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USCIS Ombudsman Hosts Teleconference on DMV Benefits for Certain Nonimmigrant Workers


On February 25, 2016, the U.S. Citizenship and Immigration Services (USCIS) Ombudsman hosted a public teleconference on issues related to Department of Motor Vehicles (DMV) benefits for certain nonimmigrant workers, including H and L nonimmigrants. Individuals whose employers timely file for extension of nonimmigrant status receive an automatic 240-day extension of work authorization while the petition remains unadjudicated. Representatives from the Department of Homeland Security (DHS), USCIS, the California DMV, and a private immigration attorney responded to questions posed by the Ombudsman and the public. The discussion focused on the impact of the REAL ID Act on how state DMVs treat individuals subject to the 240-day rule. 

During the call, the Ombudsman noted that although federal regulations provide for a 240-day extension of work authorization after a temporary worker’s status expires if the worker has a pending petition to extend that status, whether those workers can obtain and maintain a driver’s license during that time remains an issue. The REAL ID Act requires state driver’s licenses to conform to certain federal standards. The Act also requires that states verify an individual’s immigration status before issuing a REAL ID-compliant identification card, including a driver’s license. The lack of guidance on how state DMVs should handle driver’s licenses for temporary foreign workers with pending extension of stay petitions “has led to a patchwork of state responses,” USCIS noted. 

The DHS Office of Policy said the REAL ID Act complicates state interpretation of the 240-day rule because it links driver’s licenses to whether an individual has lawful immigration status, a distinct legal term that is different from lawful presence. The 240-day work authorization extension provides for lawful presence, but not lawful status. There have been attempts in the past to amend the REAL ID Act to address this and other related issues, but these efforts were unsuccessful. As a result, several categories of immigrants—not just temporary workers—”are disadvantaged by the statute’s requirement that licenses be tied to lawful status rather than to lawful presence,” USCIS said.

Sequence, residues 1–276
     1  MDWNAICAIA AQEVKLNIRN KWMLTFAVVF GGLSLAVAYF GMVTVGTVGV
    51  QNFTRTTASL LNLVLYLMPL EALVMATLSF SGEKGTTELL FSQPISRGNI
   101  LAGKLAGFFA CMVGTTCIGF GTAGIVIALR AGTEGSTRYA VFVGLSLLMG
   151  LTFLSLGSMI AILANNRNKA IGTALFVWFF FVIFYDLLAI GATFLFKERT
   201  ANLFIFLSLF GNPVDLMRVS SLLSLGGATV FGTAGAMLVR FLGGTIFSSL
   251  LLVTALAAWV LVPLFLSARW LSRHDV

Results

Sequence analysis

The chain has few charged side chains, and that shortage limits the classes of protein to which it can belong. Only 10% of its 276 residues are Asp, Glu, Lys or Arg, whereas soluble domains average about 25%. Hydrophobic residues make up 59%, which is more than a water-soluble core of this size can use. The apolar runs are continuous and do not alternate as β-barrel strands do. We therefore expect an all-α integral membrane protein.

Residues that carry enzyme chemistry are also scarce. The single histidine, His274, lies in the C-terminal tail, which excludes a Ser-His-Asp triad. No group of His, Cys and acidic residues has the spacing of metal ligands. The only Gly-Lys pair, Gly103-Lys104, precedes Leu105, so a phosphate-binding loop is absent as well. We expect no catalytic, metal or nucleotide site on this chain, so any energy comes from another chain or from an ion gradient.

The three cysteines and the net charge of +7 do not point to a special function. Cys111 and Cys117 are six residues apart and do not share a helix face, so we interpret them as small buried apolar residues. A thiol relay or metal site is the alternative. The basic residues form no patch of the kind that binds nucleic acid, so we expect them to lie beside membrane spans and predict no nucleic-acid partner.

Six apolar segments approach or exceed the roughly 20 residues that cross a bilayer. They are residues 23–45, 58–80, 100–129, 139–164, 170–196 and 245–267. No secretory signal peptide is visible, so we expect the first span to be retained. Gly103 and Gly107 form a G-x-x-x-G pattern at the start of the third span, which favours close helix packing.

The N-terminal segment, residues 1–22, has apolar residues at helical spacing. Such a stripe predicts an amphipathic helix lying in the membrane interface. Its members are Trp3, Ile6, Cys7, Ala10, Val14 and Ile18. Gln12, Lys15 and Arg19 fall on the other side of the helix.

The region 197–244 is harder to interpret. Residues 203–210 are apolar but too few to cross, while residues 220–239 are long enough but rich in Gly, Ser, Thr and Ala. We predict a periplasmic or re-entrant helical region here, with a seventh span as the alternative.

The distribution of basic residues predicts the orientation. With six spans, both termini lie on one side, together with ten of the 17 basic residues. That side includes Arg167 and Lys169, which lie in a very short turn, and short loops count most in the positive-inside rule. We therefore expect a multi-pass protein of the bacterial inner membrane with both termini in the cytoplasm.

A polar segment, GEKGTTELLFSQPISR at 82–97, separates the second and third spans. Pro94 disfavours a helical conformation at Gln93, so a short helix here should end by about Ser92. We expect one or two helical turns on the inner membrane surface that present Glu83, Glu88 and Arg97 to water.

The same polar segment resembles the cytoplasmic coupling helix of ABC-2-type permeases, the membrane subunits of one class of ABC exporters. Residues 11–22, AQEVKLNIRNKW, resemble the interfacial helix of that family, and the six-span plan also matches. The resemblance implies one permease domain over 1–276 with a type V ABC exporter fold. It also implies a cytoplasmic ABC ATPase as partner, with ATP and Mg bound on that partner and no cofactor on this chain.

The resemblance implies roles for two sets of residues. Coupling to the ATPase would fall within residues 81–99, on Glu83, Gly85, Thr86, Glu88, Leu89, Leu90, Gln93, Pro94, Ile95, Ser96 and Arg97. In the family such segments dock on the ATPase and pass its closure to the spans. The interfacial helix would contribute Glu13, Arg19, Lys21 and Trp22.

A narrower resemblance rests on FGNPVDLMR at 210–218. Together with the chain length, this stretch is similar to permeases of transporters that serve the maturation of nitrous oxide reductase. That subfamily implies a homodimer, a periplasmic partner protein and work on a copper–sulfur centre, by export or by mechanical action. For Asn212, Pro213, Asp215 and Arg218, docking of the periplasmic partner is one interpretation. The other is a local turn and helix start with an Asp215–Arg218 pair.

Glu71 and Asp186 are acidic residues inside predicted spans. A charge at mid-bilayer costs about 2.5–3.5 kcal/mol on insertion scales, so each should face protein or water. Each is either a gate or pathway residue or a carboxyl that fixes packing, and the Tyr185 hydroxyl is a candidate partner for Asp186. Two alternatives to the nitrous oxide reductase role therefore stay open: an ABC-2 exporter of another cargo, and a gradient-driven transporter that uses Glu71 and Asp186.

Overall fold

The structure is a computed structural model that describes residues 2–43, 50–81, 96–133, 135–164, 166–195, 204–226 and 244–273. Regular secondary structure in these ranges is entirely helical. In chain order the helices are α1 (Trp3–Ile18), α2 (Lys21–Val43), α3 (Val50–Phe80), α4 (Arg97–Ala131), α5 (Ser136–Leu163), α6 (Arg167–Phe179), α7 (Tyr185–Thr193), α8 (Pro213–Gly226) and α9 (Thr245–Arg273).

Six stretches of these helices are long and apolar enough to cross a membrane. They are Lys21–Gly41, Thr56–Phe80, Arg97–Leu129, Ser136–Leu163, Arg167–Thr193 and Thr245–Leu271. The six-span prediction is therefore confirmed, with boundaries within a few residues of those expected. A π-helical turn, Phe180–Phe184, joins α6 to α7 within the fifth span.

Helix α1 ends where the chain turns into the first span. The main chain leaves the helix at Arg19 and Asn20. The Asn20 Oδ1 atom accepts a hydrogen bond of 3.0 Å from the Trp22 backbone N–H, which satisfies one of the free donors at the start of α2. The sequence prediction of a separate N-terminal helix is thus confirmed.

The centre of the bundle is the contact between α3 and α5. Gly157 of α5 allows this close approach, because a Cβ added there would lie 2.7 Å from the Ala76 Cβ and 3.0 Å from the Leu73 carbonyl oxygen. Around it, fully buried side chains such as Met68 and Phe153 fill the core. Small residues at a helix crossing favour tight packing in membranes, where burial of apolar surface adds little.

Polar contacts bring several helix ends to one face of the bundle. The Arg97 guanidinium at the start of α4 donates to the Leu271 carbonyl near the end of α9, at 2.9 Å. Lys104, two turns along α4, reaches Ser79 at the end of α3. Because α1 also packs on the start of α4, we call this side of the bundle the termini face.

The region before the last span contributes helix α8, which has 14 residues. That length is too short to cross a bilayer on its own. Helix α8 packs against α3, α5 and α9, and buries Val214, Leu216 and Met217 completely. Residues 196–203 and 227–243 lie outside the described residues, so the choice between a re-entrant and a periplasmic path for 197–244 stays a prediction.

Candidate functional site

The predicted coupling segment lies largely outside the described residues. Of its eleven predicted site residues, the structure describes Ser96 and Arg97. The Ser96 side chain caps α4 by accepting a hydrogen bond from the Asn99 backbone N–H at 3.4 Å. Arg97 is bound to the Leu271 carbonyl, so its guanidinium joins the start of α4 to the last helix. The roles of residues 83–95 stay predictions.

One commenter discussed the impact on employers and nonimmigrant workers. Workers on a 240-day work authorization extension are provided only with a Form I-797C, the receipt for the filed extension-of-stay petition. There has been little guidance on how state DMVs should treat that document. The language on the I-797C makes it even more difficult to obtain DMV benefits because it explicitly states that the form does not grant any immigration status or benefit. Many states rely on this language to deny a license to immigrant workers on the 240-day extension. The struggle for employers is that the 240-day rule becomes less useful where the worker cannot drive to get to work, she said. Payment of the premium processing fee for the extension-of-stay petition guarantees adjudication of the petition within an expedited time frame and could alleviate the problems associated with the gap in status. However, not all employers can afford 

the additional fee, she noted, and it is not always an option, particularly where its only purpose would be to allow the worker to obtain a driver’s license. 

Relying on surveys, the commenter explained that some states that comply with REAL ID or are moving toward compliance have taken a hybrid approach. In those states, immigrants whose status has not expired can obtain a REAL ID-compliant license, while those without lawful status—but perhaps who are lawfully present—get a license that is not compliant with the law. A few states offer limited driver’s licenses or “driver privilege cards” for undocumented immigrants. Foreign workers in the 240-day extension window could request one of those licenses, but they would have to reapply for a regular driver’s license once their extension-of-stay petitions are approved. Some states that are not compliant with the REAL ID Act accept the I-797C as a document establishing lawful presence, as long as the document can be verified in SAVE. 

A representative of USCIS’s Systematic Alien Verification for Entitlements (SAVE) system explained that the agency issued guidance on this issue to state DMVs in 2014. That guidance “essentially punted to the states on their treatment of the 240-day extension,” USCIS said. SAVE only provides information on an individual’s immigration status—it does not indicate whether a state-level benefit should be granted. In that regard, USCIS said, “the states have to look at their own rules and regulations for how to treat the provision of state benefits that are based on immigration status.” 

The Ombudsman concluded the call by saying that the Ombudsman’s Office is aware of and is closely monitoring longer USCIS processing times for nonimmigrant worker adjudications and the resulting backlogs.

See also the USCIS statement is at https://www.dhs.gov/dmv-benefits-teleconference-recap.

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